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Why Strength and Power Training is Similar to Your Job Search

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People don't like heavy lifting or soreness when it comes to physical training. As a former personal trainer, few people are willing to buy into the commitment it takes to achieve their goals. It takes resilience, grit, and grind to be consistent, in the areas of diet, self-control, and exercise. All three have to be deployed at once for success.

 

I am  blessed to be older and experienced in physical fitness, and can still add muscle. A few months out of the year, several weeks at a time, I will do some heavy workouts. The best way I've learned is to use a lower rep range, slower movements, and more time of rest between sets. Sound easy? It's not. The amount of exertion is exhausting even with a 2-3 minute rest between sets.

 

If you're trying to lift 85-100% of your max weight for a few reps you will sweat, feel your muscles stressed throughout your whole body, and desire the rest. Yes, it will take resilience, grit, and grind. You'll hate the lifts, but to achieve your goals, you must love the process.

 

In short, this is part of a long term strategy to confuse your muscles to stimulate growth. Most of the lift the same way we did in college instead of diversifying your workouts. But I slightly digress, only to say a heavy workout, like other workouts, take time but the repeating the process is challenging.

 

A job seeker recently read one of my articles only to say that he's tried everything and yet has to find work. His response is like expecting major results after one workout. I think many job seekers think that way. One vigorous exercise should do it all. Or in his case, the same training should yield the desired results.

 

The body or the job search doesn't work that way.

 

Your job search will take time. You have to supply the resilience, grit, and grind to be consistent and get results. You must deploy all three at once:

 

Resilience

Your ability to recover from a strenuous strength training workout is a key to consistency. Squats and deadlifts recruit most of your body's muscles. There are times when you'll experience mental and physical discomfort during recovery in your job search. But to achieve results, you'll need to be consistent and do it all again even if results are infrequent. If you're not gaining results, don't change the intensity, just add or change job search strategies.

 

Grind

Just as strength training leaves you feeling every rep you performed, so will you feel your job search in every call you make, question you answer, or assessment you take.  You check the mirror to see if there is a difference just like you are checking your email and voice messages. Sometimes seeing or experiencing one result or change brings elation. If it produces results in getting more contacts, more interviews, more looks at your LinkedIn profile, keep doing it.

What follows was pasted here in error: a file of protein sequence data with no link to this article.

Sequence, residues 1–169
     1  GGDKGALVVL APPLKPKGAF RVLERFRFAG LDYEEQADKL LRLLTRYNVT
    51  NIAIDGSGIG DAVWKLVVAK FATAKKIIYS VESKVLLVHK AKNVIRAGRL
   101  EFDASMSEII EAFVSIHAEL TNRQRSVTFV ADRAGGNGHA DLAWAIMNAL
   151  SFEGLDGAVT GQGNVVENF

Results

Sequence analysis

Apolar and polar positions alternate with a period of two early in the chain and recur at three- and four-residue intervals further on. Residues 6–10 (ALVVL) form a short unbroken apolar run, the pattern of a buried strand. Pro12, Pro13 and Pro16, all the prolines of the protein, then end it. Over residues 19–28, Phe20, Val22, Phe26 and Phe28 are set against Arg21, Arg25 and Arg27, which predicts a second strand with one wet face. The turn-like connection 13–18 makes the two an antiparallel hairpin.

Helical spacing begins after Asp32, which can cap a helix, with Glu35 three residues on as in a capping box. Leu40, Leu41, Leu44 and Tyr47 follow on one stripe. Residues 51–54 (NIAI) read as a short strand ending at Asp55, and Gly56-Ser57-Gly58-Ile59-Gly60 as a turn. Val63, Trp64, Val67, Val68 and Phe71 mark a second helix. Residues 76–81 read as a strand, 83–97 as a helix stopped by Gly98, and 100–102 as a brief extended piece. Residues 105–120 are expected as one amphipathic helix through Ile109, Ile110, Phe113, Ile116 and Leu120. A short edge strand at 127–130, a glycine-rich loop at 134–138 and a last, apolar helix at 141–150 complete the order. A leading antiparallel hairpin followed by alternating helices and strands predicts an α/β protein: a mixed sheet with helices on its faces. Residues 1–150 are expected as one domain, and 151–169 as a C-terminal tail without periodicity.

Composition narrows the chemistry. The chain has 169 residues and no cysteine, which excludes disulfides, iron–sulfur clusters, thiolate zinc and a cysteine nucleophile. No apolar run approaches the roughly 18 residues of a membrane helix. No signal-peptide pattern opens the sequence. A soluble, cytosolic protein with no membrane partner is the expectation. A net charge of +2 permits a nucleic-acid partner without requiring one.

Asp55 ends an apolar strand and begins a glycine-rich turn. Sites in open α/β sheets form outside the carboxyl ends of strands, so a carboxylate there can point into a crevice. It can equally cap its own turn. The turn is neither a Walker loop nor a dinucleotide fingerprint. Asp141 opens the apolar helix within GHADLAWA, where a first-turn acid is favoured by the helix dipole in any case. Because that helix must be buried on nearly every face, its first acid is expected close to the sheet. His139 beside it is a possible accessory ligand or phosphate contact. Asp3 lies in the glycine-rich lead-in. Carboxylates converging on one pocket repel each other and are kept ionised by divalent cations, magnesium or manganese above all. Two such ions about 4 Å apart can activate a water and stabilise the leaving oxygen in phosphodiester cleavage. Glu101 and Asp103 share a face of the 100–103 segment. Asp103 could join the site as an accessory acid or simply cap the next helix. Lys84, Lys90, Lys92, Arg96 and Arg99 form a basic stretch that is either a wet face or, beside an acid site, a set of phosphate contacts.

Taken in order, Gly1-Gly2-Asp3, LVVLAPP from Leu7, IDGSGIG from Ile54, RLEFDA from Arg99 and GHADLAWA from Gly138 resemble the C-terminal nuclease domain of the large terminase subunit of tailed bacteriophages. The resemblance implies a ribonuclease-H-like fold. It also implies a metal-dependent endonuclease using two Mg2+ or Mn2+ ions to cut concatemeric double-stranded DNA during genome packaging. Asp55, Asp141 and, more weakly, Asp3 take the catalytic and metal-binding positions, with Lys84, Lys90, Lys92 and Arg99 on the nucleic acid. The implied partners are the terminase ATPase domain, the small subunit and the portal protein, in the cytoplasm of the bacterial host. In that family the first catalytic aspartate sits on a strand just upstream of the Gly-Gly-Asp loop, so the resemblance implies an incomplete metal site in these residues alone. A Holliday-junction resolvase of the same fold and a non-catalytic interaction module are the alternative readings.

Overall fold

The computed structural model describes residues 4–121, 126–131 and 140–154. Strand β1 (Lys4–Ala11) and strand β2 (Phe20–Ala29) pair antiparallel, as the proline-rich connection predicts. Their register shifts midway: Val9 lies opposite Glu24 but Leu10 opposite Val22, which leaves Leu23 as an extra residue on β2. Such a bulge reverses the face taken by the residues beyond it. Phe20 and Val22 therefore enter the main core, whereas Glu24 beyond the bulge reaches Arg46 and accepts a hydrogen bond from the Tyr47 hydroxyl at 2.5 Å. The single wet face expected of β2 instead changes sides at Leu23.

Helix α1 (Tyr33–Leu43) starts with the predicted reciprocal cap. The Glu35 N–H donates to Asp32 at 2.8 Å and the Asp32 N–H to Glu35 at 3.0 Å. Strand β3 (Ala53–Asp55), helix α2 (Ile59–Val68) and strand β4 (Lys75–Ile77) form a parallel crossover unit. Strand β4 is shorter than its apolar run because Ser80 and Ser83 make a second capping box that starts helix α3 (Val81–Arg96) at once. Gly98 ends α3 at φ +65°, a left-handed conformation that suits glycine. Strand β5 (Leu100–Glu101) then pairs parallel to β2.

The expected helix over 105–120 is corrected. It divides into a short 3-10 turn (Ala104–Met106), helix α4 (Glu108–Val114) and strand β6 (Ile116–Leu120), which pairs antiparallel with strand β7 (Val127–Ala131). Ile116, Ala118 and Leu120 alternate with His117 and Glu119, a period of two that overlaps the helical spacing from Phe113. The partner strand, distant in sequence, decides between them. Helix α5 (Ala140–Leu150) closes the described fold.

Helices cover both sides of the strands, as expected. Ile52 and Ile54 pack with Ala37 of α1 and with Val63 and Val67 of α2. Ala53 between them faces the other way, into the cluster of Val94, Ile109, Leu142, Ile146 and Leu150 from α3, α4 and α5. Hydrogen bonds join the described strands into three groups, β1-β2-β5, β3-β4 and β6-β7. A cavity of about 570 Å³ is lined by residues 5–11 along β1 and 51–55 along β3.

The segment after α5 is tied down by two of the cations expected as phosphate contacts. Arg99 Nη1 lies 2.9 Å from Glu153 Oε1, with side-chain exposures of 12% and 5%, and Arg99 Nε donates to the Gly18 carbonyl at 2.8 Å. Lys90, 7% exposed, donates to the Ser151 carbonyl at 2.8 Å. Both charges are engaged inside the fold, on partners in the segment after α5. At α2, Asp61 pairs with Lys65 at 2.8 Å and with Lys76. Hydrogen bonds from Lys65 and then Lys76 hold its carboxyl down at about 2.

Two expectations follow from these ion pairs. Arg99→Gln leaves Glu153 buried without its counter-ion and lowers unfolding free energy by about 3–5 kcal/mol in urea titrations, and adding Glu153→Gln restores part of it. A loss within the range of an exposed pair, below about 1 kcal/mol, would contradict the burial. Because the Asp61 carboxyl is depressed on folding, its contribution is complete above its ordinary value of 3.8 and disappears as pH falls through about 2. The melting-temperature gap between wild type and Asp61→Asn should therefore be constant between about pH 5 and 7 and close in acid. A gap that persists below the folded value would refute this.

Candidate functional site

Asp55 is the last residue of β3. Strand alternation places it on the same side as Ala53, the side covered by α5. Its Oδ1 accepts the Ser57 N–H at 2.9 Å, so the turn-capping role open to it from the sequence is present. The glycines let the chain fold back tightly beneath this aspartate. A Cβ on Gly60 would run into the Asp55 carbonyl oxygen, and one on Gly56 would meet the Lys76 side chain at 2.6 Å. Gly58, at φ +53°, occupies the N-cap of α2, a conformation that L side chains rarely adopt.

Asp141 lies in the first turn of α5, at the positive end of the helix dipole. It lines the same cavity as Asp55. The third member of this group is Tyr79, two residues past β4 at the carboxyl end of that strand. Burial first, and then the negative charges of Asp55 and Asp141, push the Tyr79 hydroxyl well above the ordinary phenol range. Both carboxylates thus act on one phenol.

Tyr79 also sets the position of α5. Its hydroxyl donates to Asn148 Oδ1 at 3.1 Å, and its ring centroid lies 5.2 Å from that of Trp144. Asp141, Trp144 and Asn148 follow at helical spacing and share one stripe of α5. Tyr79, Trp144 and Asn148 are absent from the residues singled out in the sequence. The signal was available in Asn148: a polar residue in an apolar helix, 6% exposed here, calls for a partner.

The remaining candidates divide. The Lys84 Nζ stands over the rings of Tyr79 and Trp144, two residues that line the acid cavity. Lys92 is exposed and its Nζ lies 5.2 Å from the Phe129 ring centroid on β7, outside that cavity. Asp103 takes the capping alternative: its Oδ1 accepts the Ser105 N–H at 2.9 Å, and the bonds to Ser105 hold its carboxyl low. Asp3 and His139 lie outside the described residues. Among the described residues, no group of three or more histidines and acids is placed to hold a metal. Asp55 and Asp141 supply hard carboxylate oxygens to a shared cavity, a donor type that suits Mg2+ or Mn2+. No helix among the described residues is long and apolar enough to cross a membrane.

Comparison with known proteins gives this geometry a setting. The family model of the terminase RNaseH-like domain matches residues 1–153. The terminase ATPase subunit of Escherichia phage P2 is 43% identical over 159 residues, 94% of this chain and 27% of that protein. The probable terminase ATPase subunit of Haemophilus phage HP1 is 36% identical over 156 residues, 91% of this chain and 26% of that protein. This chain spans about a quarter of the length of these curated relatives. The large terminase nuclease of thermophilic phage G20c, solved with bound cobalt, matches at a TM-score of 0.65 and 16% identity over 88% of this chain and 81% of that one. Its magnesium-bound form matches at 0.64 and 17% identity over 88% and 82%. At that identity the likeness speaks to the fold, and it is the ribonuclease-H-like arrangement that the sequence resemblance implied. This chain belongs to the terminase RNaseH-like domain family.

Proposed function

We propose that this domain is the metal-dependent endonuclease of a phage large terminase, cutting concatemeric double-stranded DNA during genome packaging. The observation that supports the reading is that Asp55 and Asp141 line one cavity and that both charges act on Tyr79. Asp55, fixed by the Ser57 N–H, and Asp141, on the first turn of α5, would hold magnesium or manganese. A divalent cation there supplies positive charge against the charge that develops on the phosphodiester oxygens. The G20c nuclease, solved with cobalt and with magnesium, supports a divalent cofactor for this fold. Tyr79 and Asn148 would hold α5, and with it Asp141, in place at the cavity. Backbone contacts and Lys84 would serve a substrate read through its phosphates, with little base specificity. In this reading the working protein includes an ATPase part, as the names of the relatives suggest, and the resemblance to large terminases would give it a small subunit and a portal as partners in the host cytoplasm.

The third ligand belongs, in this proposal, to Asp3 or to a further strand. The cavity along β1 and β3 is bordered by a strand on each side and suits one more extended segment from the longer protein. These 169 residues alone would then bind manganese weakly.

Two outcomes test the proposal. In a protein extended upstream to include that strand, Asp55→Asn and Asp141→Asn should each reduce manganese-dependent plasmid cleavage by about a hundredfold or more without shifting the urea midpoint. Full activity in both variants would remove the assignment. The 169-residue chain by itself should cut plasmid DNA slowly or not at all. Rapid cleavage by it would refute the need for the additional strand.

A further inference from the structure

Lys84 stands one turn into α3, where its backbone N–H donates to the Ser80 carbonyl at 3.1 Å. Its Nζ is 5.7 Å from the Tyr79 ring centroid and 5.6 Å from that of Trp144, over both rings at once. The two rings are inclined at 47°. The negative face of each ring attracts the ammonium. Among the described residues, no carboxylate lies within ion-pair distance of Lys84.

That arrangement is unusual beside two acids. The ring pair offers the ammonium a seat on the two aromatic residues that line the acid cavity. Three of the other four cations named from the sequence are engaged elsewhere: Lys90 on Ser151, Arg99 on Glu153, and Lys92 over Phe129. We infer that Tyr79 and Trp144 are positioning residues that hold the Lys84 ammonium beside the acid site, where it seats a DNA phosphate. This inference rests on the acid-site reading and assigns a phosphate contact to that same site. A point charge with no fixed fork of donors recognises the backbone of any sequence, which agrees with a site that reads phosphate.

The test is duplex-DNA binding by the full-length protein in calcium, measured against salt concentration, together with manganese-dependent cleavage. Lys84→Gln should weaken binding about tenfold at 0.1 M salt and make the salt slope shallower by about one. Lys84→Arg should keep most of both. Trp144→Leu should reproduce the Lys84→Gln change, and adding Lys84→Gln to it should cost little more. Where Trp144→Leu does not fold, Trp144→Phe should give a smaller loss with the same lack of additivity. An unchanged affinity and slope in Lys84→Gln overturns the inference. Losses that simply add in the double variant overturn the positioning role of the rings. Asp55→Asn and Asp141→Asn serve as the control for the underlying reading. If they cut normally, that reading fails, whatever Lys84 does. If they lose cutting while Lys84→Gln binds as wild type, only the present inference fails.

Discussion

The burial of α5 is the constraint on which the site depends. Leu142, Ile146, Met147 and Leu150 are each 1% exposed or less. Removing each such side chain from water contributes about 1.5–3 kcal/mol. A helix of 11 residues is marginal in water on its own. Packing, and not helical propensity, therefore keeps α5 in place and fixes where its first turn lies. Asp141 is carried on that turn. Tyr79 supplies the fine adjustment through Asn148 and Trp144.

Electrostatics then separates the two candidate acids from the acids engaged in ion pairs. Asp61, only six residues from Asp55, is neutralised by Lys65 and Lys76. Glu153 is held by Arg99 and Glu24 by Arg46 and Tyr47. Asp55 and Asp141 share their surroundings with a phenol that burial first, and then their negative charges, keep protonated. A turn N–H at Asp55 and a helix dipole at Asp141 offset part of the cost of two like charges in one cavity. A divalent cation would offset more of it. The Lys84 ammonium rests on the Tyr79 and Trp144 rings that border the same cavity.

Grit

People who want to see results finish with completeness. Many people give up when obstacles are in sight. If it's raining, there's an excuse. If he or she is tired, they rationalize efforts or the training and miss the opportunities to yield results. But the person with grit knows quitting is an option deferred. Getting past slow results in your job search is similar to getting little results from working out. More reps aren't always the answer. You may need to lift heavier with fewer reps. Do things differently.

 

Legend has it the David Pack, the lead singer for the 70s group Ambrosia (think "You're the Biggest Part of Me"), was trying to get a job with a London Orchestra led by Leonard Bernstein. They hired him as their guitarist but told him he had to learn how to read music. Pack played guitar and keyboards but by ear. When they hired him, they said to come to work in a week, but he must know how to read music.

 

Although most musicians spend years learning this skill, Pack was determined to find out how in one week. Not only did he learn how to read music, but he played in the orchestra.

 

Resilience. Grit. Grind. Pack went on to win Grammys, score movie soundtracks, and other great accolades.

 

I plan to be 80 years old and talking about strength and power training. Similarly, I plan to help others in their careers when I'm older. There won't be a full-time retirement, as I think learning is a lifelong endeavor. Enhancing your career is a lifelong journey. Rest and refresh whenever you need to, but don't forget your career is like a muscle, if unchallenged, it won't grow.

 



Last Updated: September 6, 2017
About the author

Mark Anthony Dyson

Mark Anthony Dyson is a career consultant, job seeker advocate, career writer, and founder of The Voice of Job Seekers. He helps the employed, unemployed, underemployed, and under-appreciated find jobs. Mark has published more than 400 articles on his blog as well as some of the largest career sites such as Recruiter.com, YouTern, and Come Recommended.